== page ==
The Nicomp 380 can be equipped with various high-powered lasers as well as a high-gain Avalanche Photo Diode Detector (APD which provides approximately seven times the gain of a conventional photomultiplier tube。 The APD is used to increase signal-to-noise and sensitivity in systems that do not scatter light well。 Proteins, micelles, other macro-molecular-based systems, and nanoparticles are often dilute (1 mg/ml or less) and are made of atoms that do not scatter light well。 The Avalanche Photo Diode coupled with a nominally higher powered laser diode module offers a low cost solution for accurately analyzing nanoparticles in a short period of time。

380/MA Multi-angle Goniometer

Particles larger than 100 nm do not scatter light isotropically in all directions。 It is possible to make DLS measurements more sensitive to certain sized particles by changing the angle of detection。 The Nicomp 380 can be equipped with a mini-goniometer that moves the optical fiber between 12° and 175° by 0。9° increments。

Zeta Potential

The Nicomp 380/ZLS is designed to measure the electrophoretic mobility and zeta potential of charged particles in liquid suspension。 The main reason to measure zeta potential is to predict colloidal stability。 The interactions between particles play an important role in colloidal stability。 The use of zeta potential measurements to predict stability is an attempt to quantify these interactions。 The zeta potential is a measure of the repulsive forces between particles。 Since most aqueous colloidal systems are stabilized by electrostatic repulsion, the larger the repulsive forces between particles, the less likely they will be to come close together and form aggregates。 Thus the more stable a colloid will be。 The Nicomp 380/ZLS combines the techniques of Dynamic Light Scattering (DLS) and Electrophoretic Light Scattering (ELS) to measure both sub-micron particle size distributions and zeta potentials in one compact instrument。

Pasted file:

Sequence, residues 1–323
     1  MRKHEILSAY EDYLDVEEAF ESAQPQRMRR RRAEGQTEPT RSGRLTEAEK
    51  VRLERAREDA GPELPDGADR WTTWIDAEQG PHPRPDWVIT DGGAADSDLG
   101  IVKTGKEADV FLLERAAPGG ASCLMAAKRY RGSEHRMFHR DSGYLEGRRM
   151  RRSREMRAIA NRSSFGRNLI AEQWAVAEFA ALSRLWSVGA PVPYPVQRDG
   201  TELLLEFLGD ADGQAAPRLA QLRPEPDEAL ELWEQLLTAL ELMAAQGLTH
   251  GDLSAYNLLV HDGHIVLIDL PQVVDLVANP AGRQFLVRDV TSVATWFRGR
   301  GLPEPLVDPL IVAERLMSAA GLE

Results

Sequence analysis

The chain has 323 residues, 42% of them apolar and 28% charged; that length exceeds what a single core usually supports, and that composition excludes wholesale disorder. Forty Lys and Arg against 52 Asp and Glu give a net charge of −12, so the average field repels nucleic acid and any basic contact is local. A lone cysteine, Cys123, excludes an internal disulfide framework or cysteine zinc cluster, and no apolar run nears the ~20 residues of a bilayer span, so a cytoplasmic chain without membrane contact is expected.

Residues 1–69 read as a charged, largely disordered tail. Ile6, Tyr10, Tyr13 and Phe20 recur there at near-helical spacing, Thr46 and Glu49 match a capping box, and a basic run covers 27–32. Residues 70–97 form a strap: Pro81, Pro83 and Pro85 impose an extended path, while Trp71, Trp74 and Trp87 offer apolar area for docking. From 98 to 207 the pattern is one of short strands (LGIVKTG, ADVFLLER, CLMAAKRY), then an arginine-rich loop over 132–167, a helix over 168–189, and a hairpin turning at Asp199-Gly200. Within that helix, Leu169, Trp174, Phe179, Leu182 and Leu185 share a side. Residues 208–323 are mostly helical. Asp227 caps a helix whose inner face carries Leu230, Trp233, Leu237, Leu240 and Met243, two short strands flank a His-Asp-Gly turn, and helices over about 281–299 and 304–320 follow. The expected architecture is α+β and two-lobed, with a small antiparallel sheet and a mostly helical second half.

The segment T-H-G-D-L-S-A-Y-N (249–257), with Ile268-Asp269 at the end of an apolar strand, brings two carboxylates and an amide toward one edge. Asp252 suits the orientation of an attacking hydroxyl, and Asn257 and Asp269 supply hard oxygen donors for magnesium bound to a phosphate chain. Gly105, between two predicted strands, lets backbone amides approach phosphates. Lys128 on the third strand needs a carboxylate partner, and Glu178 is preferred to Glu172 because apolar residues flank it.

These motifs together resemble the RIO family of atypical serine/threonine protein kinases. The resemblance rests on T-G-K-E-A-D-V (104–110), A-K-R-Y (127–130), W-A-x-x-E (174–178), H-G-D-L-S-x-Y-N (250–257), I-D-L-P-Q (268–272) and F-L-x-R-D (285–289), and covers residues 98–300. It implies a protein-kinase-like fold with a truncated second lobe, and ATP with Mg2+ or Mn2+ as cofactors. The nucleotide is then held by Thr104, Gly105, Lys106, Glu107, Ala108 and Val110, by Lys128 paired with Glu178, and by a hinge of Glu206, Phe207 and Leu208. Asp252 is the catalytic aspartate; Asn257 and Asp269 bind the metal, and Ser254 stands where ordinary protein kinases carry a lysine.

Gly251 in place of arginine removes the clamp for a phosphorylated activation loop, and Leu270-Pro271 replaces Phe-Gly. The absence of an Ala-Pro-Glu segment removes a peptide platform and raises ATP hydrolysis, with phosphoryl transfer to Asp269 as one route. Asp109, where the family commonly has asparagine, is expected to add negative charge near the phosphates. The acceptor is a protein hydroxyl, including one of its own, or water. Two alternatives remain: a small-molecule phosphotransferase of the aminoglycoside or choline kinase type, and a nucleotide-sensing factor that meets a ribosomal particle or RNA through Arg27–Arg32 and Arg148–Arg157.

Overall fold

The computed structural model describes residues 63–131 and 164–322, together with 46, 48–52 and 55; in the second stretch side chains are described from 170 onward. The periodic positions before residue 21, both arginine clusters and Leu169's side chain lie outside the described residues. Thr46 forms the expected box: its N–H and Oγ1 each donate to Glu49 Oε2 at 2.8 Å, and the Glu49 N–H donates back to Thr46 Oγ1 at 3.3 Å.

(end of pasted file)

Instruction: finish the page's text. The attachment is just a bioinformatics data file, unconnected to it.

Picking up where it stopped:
The Nicomp 380/ZLS uses the method of Electrophoretic Light Scattering (ELS) to measure Zeta potential。 To make a measurement, a small aliquot of sample is typically placed in a disposable plastic cuvette。 Then the palladium electrodes are inserted。 The entire cell is placed into the Nicomp 380。 Because of the unique cell design, there is no need to align the cell to the stationary plane。 After the cell is in place, a simple click of the mouse starts the measurement。 Since ELS requires the use of heterodyned light, the scattered light must be properly mixed with a reference beam (split off from the incident light beam) prior to entering the detector。 The software will begin a measurement by automatically adjusting the incident light intensity to optimize the mixing between the scattered light and the reference beam。 Once this is completed, a reference power spectrum is measured while the electric field is off。 Then the electric field is applied and another power spectrum is measured。 The change in the frequency of the peak in this power spectrum when compared to the reference spectrum is the Doppler shift。 The Doppler shift is used to calculate the average mobility。 Using the Smoluchowski equation, the zeta potential is determined。

Autotitrator

The Autoitrator module gives the Nicomp 380/ZLS the ability to automatically make multiple measurements on the same sample over a series of different pH's or ionic concentrations. This allows iso-electric points to be determined.

Phase Analysis Light Scattering (PALS)

The use of Phase Analysis (instead of the standard amplitude analysis) allows for the more accurate and precise measurement of small Doppler shifts. This means that zeta potential measurements can be made in high ionic strength or high dielectric environments (like alcohols and organic solvents).